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Darkness Made Visible
By looking at galaxies far in the background, and then tracking how gravity deflects their light as it passes through the galaxies clustered in the foreground, the Hubble Space Telescope has mapped out the cluster's dark matter (shown in blue).
Credit: J. P. Kneib, Observatoire Midi-Pyrenees, Caltech, et al.; ESA; NASA

Title: What Is the Universe Made Of, and How Does It Work?
Once again, science has given us a big part of the answer. According to the physicists’ standard model, pretty much everything we can see in the universe is made from the same basic building blocks: elementary particles with names like quark, lepton and gluon. From raindrops to galaxies, it’s all the same stuff.

According to Einstein’s general theory of relativity, likewise, a subtle curvature in the fabric of space and time can explain every known effect of gravity: the universal force that pulls apples to the ground and holds the planets in their orbits. Indeed, it’s this curvature that determines how the universe has expanded in the aftermath of the big bang and what happens when matter collapses into a black hole.

For all their successes, however, the standard model and general relativity leave some serious gaps. In particular, neither one can explain why most of the universe is utterly invisible.

Astronomers stumbled onto this fact only a few decades ago, when they began to realize that the stars, galaxies and nebulae they can see through their telescopes are just a tiny fraction of what's actually out there. Far more prevalent is "dark matter"--a kind of cosmic ectoplasm that makes itself known only though its immense mass, which produces an equally immense gravitational field. Without that field, individual galaxies like our own Milky Way would fly apart like broken pinwheels, and clusters of galaxies would disperse into the void. In fact, without it, none of those galaxies and clusters would have formed in the first place, and we would not be here to wonder what dark matter is.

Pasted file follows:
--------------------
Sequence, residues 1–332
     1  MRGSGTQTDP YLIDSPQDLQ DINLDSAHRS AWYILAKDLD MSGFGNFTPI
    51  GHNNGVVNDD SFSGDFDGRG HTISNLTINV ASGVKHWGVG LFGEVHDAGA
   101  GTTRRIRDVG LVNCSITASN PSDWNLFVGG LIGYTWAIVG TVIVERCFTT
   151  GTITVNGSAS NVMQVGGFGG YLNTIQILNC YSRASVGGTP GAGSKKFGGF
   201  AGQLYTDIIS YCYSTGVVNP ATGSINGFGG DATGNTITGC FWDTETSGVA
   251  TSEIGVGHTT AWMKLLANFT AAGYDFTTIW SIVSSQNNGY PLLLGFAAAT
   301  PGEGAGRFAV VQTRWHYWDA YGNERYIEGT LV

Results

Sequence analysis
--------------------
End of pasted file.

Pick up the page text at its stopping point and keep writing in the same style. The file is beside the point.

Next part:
Meanwhile, in 1998, two independent teams of NSF-supported astronomers announced an even more astonishing discovery--the expansion of the universe isn’t slowing down, as most observers had expected. The expansion is actually speeding up. It is as if some previously unknown force, now known as “dark energy,” is driving the galaxies apart at an ever-increasing rate. Moreover, this dark energy is incredibly abundant. According to the best current measurements, ordinary matter accounts for no more than 5 percent of the stuff in the universe, on average, while dark matter amounts to some 20 percent. Dark energy is 75 percent.

The discovery of dark matter and dark energy has electrified the scientific community. Here is observational proof that there’s something about fundamental physics we still don’t understand (Science magazine has a recent review). In an effort to fill the gap, astronomers are planning a new generation of telescopes; theoreticians are exploring exotic concepts such as superstrings and extra dimensions; and laboratory scientists are deploying a host of new experiments. Among those experiments are searches for new fundamental particles and laws at the soon-to-be-completed Large Hadron Collider in Geneva, Switzerland; the LIGO gravitational wave detectors; dark matter searches; measurements of ultra-rare particle interactions; cosmic ray observatories; and more.

NSF is supporting all of these endeavors, in part or in whole. Indeed, they were among the leading topics at a recent NSF symposium on ground-based astronomy--as was the dark matter/dark energy mystery itself. With luck, we could be on the verge of a radically new picture of the universe, and of the fundamental nature of space, time, matter and energy.

What is our Place in the Cosmos? [Next]